NEW YORK — w was back on “The Daily Show” Monday night, but this time on the other side of the desk.
The long-time host of the satirical news show returned for the first time since signing off on Aug. 6 to speak about an important issue to the former anchor — a bill that would provide health care to 9/11 first responders.
“Wait, are you here to take the show back? Oh man, I heard about this in American TV,” New “Daily Show” host Trevor Noah said to Stewart.
Stewart calmed Noah’s fears saying he came on not to take the show back, but rather to give some attention to the law and realizing that he no longer has a show of his own to do so.
Stewart then explained the law, which provides health care to first responders who obtained injuries or illnesses due to the September 11th attacks, to Noah — who couldn’t figure out why Congress had not yet made the law permanent.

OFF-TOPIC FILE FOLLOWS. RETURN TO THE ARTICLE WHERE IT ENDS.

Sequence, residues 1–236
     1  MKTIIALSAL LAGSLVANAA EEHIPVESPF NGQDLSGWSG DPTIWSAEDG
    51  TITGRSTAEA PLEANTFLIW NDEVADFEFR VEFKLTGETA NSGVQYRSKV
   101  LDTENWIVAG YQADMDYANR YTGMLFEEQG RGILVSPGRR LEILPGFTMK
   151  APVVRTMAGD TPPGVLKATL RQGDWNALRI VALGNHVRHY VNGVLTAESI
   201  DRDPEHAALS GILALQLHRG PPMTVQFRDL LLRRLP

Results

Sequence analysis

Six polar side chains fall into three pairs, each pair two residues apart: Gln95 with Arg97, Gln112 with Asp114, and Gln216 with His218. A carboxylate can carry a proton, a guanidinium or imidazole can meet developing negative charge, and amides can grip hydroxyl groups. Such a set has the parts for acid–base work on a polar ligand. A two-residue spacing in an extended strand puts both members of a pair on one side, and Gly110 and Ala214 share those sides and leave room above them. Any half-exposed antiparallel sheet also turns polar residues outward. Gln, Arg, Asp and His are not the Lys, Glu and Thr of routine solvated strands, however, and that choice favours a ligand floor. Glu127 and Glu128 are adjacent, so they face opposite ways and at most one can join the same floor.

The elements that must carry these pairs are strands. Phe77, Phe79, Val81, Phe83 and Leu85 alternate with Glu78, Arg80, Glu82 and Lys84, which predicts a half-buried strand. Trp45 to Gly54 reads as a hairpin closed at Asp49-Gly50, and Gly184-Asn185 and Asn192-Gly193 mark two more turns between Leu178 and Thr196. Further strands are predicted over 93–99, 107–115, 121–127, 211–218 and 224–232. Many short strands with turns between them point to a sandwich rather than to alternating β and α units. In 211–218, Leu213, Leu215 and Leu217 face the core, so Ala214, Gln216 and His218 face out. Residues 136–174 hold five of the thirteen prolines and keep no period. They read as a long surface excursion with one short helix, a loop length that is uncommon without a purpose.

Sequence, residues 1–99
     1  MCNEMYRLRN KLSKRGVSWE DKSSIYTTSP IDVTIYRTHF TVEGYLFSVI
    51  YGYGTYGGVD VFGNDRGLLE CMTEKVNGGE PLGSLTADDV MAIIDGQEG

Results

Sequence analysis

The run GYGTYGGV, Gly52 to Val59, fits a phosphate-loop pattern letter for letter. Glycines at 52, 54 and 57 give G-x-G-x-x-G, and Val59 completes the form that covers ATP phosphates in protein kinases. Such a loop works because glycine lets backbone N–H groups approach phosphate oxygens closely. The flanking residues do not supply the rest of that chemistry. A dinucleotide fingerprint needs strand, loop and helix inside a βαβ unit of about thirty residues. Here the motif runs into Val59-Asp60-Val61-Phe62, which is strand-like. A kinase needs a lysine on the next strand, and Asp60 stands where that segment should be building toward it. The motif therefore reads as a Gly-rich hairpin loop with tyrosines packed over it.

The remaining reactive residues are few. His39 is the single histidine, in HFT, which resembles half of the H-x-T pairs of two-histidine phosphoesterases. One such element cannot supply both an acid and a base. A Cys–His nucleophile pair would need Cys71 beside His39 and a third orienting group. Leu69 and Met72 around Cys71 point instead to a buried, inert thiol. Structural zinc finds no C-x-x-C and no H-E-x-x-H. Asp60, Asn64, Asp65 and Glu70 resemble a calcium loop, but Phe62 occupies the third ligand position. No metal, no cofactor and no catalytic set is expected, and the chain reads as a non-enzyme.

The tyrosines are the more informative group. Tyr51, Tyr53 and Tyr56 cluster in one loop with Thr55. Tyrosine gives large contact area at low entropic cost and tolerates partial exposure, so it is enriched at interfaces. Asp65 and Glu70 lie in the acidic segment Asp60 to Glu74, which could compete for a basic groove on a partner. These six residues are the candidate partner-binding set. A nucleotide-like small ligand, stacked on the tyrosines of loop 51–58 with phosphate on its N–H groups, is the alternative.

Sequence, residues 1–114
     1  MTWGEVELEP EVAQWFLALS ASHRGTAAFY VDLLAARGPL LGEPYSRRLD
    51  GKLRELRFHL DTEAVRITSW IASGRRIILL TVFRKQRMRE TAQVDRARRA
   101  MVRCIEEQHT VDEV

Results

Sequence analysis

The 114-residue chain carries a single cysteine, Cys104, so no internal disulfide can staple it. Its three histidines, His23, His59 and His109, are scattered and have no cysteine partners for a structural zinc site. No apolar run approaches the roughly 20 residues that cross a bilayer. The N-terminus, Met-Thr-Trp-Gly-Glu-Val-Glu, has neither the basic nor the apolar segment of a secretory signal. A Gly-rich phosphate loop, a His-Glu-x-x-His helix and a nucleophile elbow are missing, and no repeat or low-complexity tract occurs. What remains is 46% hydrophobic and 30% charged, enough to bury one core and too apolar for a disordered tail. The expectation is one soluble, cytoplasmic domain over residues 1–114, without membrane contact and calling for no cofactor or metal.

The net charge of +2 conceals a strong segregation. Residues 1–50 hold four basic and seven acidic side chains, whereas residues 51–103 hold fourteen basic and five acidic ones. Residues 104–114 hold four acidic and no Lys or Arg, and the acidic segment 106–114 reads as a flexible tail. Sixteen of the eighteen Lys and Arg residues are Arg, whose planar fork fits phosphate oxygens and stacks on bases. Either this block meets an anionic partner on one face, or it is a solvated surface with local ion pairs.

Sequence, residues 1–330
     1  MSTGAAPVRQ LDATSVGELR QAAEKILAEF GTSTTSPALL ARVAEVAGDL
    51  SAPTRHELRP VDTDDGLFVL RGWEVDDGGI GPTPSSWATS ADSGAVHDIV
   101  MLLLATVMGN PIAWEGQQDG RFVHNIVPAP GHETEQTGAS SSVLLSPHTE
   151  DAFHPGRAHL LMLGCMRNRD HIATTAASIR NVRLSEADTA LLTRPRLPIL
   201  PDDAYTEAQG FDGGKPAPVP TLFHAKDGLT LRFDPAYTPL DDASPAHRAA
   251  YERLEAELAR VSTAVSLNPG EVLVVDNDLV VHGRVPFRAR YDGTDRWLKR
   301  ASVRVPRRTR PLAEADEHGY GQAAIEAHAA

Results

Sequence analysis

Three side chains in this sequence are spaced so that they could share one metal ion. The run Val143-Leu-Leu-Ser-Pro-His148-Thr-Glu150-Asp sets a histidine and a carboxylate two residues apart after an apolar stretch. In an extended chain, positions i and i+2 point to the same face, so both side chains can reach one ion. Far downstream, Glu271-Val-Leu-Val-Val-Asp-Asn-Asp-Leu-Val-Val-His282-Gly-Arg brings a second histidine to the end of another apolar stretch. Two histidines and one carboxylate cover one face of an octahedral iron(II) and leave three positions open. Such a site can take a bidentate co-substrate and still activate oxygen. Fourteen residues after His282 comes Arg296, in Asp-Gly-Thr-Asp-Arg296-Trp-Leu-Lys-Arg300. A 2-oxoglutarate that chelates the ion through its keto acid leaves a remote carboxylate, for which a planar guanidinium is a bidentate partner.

“You’re not from around here, are you?” Stewart said to Noah.
Stewart lobbied congress over the bill in September and has been fighting for the 9/11 first responders act for years.
“It seems like a no-brainer, so, Jon, what’s holding it up now?” Noah asked.
“No brains,” Stewart quipped.
Stewart then asked viewers to contact congress on social media with the hashtag, “#WorstResponders.”
“People forget, with all this talk now about terrorism from the World Trade Center to San Bernardino, the one common link to all of this is the first people on the scene were first responders,” Stewart said. “What message does it send to our first responders if once we’re done as a nation with them helping us that we forget about them? That’s unacceptable to me.”
Stewart retired as host of the Comedy Central series in August with past correspondents and one of Stewart’s favorite singers, Bruce Springsteen, bidding him farewell.
Since then the comedian has stayed somewhat off the radar.
In November, HBO and Stewart struck a four-year production deal that would bring the host to the network.
Stewart wrapped up Monday night’s show alongside Noah for the traditional “Moment of Zen.”
“You stand up when you do it now?” Stewart, who always ended the show at his desk, asked Noah. “If that’s the way you want to do it, that’s nice.”
By Frank Pallotta